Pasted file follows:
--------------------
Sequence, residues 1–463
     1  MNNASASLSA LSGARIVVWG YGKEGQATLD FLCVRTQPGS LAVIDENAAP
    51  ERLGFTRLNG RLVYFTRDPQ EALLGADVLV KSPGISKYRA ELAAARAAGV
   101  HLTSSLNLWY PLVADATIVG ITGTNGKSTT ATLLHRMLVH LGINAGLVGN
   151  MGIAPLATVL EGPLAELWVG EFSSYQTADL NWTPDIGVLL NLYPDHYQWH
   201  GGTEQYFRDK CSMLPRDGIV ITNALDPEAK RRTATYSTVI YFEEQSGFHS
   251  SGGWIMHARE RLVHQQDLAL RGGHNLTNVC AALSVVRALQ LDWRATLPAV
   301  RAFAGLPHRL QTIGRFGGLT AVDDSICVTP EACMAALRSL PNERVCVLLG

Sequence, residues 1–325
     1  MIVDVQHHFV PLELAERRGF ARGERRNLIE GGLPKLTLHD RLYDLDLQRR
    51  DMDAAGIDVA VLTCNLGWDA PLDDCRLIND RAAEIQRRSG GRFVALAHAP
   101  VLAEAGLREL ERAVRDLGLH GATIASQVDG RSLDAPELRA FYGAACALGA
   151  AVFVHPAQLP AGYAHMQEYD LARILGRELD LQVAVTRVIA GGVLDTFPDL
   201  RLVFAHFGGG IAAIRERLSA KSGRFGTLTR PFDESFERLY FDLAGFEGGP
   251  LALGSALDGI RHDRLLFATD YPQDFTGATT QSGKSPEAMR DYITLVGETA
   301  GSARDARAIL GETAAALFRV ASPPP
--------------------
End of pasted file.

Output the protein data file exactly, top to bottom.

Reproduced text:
Sequence, residues 1–463
     1  MNNASASLSA LSGARIVVWG YGKEGQATLD FLCVRTQPGS LAVIDENAAP
    51  ERLGFTRLNG RLVYFTRDPQ EALLGADVLV KSPGISKYRA ELAAARAAGV
   101  HLTSSLNLWY PLVADATIVG ITGTNGKSTT ATLLHRMLVH LGINAGLVGN
   151  MGIAPLATVL EGPLAELWVG EFSSYQTADL NWTPDIGVLL NLYPDHYQWH
   201  GGTEQYFRDK CSMLPRDGIV ITNALDPEAK RRTATYSTVI YFEEQSGFHS
   251  SGGWIMHARE RLVHQQDLAL RGGHNLTNVC AALSVVRALQ LDWRATLPAV
   301  RAFAGLPHRL QTIGRFGGLT AVDDSICVTP EACMAALRSL PNERVCVLLG

Sequence, residues 1–325
     1  MIVDVQHHFV PLELAERRGF ARGERRNLIE GGLPKLTLHD RLYDLDLQRR
    51  DMDAAGIDVA VLTCNLGWDA PLDDCRLIND RAAEIQRRSG GRFVALAHAP
   101  VLAEAGLREL ERAVRDLGLH GATIASQVDG RSLDAPELRA FYGAACALGA
   151  AVFVHPAQLP AGYAHMQEYD LARILGRELD LQVAVTRVIA GGVLDTFPDL
   201  RLVFAHFGGG IAAIRERLSA KSGRFGTLTR PFDESFERLY FDLAGFEGGP
   251  LALGSALDGI RHDRLLFATD YPQDFTGATT QSGKSPEAMR DYITLVGETA
   301  GSARDARAIL GETAAALFRV ASPPP